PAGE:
Writer & Director: Paul Weitz
Cinematographer: Tobias Datum
Composer: Joel P. West
Cast: Lily Tomlin, Julia Garner, Marcia Gay Harden, Judy Greer, Laverne Cox, John Cho, Sam Elliott, Nat Wolff.
Lily Tomlin had a good 2015. The 76 year old actress hadn’t worked in a couple of years since appearing as a regular in a TV show (Malibu Country) and in a Paul Weitz film (Admission). So it’s extremely humorous that in 2015 she would gain praise for appearing in a TV show (Netflix’s Grace and Frankie) and in a Paul Weitz film. While the 2013 series and film didn’t really resonate with viewers, her outings in 2015 very much did and Tomlin received nominations for one Emmy and two Golden Globes, as well as nominations for the BFCA, Gotham, and Satellite awards. For an industry that tends to reward youth it was a major feat of accomplishment.
Paul Weitz, the director of American Pie, About a Boy, and Little Fockers, wrote the screenplay for Grandma specifically to work with Tomlin a second time, the resulting film was described by the actress as the movie role that was most like her. The grandma in question is a free spirited hippie-esque and broke lesbian. We meet her as she is breaking up with her girlfriend (the great and always underused Judy Greer). Elle, Tomlin’s character’s name, has issues with intimacy and commitment since losing her partner. She is a poet who hasn’t written in years, since the mild acclaim she received years earlier. If that sounds a bit cliche it’s because it is, in fact cliches basically make up this entire film. It overall is an amusing and at times touching movie, but it definitely does not break any new barriers and never even attempts to reinvent the wheel.
The catalyst that sets the action in motion is the impromptu visit of Elle’s granddaughter Sage. Sage is played by Julia Garner, who has apparently been in several movies (some of which I’ve even seen) and yet I never noticed before. This is definitely her first “big” movie. I guess Garner does a decent job at playing a naive and self-centered teenager, although I do think her decision to play Sage a little too dumb was a mistake; the same lines could have been delivered differently without resulting in a character who reads as an archetypal sitcom character.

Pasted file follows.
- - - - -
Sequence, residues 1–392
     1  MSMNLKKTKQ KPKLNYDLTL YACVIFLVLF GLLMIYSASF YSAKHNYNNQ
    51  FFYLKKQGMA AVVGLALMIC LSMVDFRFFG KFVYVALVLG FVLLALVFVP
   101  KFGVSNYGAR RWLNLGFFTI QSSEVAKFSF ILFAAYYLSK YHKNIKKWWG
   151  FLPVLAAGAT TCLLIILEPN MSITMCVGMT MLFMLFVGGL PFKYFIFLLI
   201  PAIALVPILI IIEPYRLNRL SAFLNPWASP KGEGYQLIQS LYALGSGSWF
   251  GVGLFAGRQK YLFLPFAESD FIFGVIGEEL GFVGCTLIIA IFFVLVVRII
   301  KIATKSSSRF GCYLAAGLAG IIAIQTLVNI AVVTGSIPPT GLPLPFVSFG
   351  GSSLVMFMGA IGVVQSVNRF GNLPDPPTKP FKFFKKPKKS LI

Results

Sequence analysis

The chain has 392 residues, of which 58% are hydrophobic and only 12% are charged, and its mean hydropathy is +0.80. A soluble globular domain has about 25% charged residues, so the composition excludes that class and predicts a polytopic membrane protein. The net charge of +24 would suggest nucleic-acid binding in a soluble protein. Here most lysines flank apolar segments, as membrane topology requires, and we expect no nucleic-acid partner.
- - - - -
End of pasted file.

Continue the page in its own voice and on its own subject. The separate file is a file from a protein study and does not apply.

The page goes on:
Sage visits her grandmother because she is pregnant and doesn’t have the money for an abortion. What follows is a very low-stakes and local road trip movie. On each stop we meet a character who will not appear later on in the film: a tatto artist (Laverne Cox), an unsympathetic coffee barista (John Cho), the deadbeat boyfriend (Nat Wolff), and Elle’s dashing ex (Sam Elliott, who infuses the film with some energy and some much needed charisma). [Note: I do love that Elliott has appeared in two films this year that told stories of women over the age of 70 and that do not focus on aging or death, rather on living a fulfilling life no matter what year one was born in.]
Marcia Gay Harden plays Elle’s daughter and Sage’s mother, and isn’t really given much to do other than play the thankless role of the working mom too busy to notice her daughter’s problems and who holds a grudge towards a mother who was never there for her. She does her best, but there really is nothing there for her to do.
Grandma touches on topics that are tricky and highly divisive, such as may-december romances, homosexuality, and abortion. The approach to sexual identity and relationships in general is treated with respect and the end result is absolutely lovely. The connection between Tomlin and Greer is obvious and both actress inhabit those parts of their roles very very well, the chemistry works nicely. The abortion issue takes on a bit more of a preachy tone and feels so inorganically constructed that it took me out of the movie a bit. Regardless of my status as pro-choice, I felt that viewers who think differently would dismiss this film as Hollywood and leftist propaganda, and I couldn’t completely blame them, because some of the dialogue was too artificially constructed and eroded at the fourth wall.
Ultimately, the film is about the strength of family, the power of forgiveness, and the fact that we don’t, or shouldn’t, run out of second chances. The film is cute, albeit a little forgettable. Tomlin a force of nature and an excellent actress who is getting a chance to shine for the first time in a long time, and if this movie ends up being more of a tool to keep her around for years to come, then it does its job appropriately.